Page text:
WHO IS ACCREDITED?

Private Organization Accreditation

CSS Healthcare Services provides Community based health services to the young, the elderly and to Individuals with Developmental Disability. Founded in 1997, we have the ability to offer a variety of quality community-based services to our clients, which has greatly contributed to our growth and success.
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VOLUNTEER TESTIMONIAL

Jane Bonk, Ph.D., LCSW

Volunteer Roles: Commissioner; Evaluator; Lead Evaluator; Peer Reviewer; Team Leader

Dr. Jane Bonk is a team leader, evaluator, and commissioner who has led over 25 site visits for COA.
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Purpose

Individuals and families who receive Disaster Recovery Case Management Services access and use resources and support that build on their strengths and meet their service needs.

Definition

Disaster Recovery Case Management services are designed to stabilize the living conditions of service recipients who are victims of disaster, the goal being to re-establish their pre-disaster status to the greatest extent possible. It involves fundamental case management practices such as planning, securing, coordinating, monitoring, and advocating for unified service goals with organizations and personnel working in close partnership with individuals and families served. Disaster Recovery Case Management services also include practices that are unique to service delivery in the aftermath of natural disasters, incidents of mass violence, and other major public emergencies. These services are delivered under difficult environmental conditions that typically result in loss of physical and technological infrastructure, disruption of operations, and other substantial communication, record keeping, coordination, and efficiency challenges. Distinct service delivery challenges are associated with the influx and simultaneous deployment of local, regional, state and federal assistance. Services may be delivered within, or separate from, a multi-service organization.

Update:

  • Revised Standard - 10/17/17
    A new note was added to highlight DRCM activities around mass violence.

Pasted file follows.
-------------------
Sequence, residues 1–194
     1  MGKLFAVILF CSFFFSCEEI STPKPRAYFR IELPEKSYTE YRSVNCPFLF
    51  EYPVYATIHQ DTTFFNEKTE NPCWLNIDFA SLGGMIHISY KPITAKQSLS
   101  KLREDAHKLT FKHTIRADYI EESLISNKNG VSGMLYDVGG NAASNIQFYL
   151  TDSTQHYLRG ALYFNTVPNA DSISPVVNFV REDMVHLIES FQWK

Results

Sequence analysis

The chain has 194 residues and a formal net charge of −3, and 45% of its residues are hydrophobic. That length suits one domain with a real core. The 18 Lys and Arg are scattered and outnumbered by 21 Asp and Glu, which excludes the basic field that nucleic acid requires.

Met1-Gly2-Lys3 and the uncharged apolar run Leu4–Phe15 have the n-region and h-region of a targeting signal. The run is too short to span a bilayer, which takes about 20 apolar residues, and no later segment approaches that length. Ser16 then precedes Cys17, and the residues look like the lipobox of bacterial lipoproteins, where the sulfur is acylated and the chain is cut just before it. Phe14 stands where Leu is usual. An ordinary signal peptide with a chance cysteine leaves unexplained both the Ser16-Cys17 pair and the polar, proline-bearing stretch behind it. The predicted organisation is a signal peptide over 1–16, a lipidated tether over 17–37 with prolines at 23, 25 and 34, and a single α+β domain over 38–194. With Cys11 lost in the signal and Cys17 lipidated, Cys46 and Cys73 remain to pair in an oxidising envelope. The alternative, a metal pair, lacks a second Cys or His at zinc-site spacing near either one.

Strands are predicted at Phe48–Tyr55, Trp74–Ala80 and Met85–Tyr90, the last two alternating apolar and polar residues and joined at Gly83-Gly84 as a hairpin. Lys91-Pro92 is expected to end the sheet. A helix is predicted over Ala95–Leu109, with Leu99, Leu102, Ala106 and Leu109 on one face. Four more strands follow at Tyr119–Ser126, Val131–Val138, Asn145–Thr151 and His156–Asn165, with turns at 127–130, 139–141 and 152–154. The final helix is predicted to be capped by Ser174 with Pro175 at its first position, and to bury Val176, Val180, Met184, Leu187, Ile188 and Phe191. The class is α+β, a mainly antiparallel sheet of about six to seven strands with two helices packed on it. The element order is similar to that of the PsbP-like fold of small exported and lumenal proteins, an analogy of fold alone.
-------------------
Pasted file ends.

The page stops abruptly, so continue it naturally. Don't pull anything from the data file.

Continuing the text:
Interpretation: Although primary or short-term disaster case management is focused on emergency relief such as food, clothing, shelter, and information and referral, organizations and programs should provide or coordinate service to address long-term recovery needs as well. 

Research Note: Recent studies show that incidents of mass violence and terrorism in the United States have been steadily increasing since 2007. Victims of these manmade disasters have been found to exhibit prolonged rates of recovery and distinct behavioral health needs. To address these issues, federal funding initiatives are incentivizing organizations to enhance their disaster case management services to better address the critical needs that arise as a result of mass violence victimization. Programs are addressing these needs through stronger relationships with primary healthcare providers, and by incorporating suicide prevention efforts, crisis response, and other behavioral health services into their standard case management plans. 

Research Note: Research on case management is, for the most part, focused on specific populations. Additionally, numerous models, approaches, and definitions of case management are present throughout the literature. Generally, case management programs provide assessment, recovery planning, referrals for services, monitoring, and advocacy. Research suggests that case management services may contribute to positive outcomes for older adults, persons with psychiatric disabilities, individuals with substance abuse conditions, and other populations. 

Note: Please see DRCM Reference List for a list of resources that informed the development of these standards.

Disaster Recovery Case Management Narrative

Self-Study Evidence
    • Provide an overview of the different programs being accredited under this section. The overview should describe:
      1. the program's approach to delivering services;
      2. eligibility criteria;
      3. any unique or special services provided to specific populations; and
      4. major funding streams.
    • If elements of the service (e.g., assessments) are provided by contract with outside programs or through participation in a formal, coordinated service delivery system, provide a list that identifies the providers and the service components for which they are responsible. Do not include services provided by referral.
    • Provide any other information you would like the peer review team to know about these programs.
    • A demographic profile of persons and families served by the programs being reviewed under this service section with percentages representing the following:
      1. racial and ethnic characteristics;
      2. gender/gender identity;
      3. age;
      4. major religious groups; and
      5. major language groups
    • As applicable, a list of groups or classes including, for each group or class:
      1. the type of activity/group;
      2. whether the activity/group is short-term or ongoing;
      3. how often the activity/group is offered;
      4. the average number of participants per session of the activity/group, in the last month; and
      5. the total number of participants in the activity/group, in the last month
    • A list of any programs that were opened, merged with other programs or services, or closed
    • A list or description of program outcomes and outputs being measured
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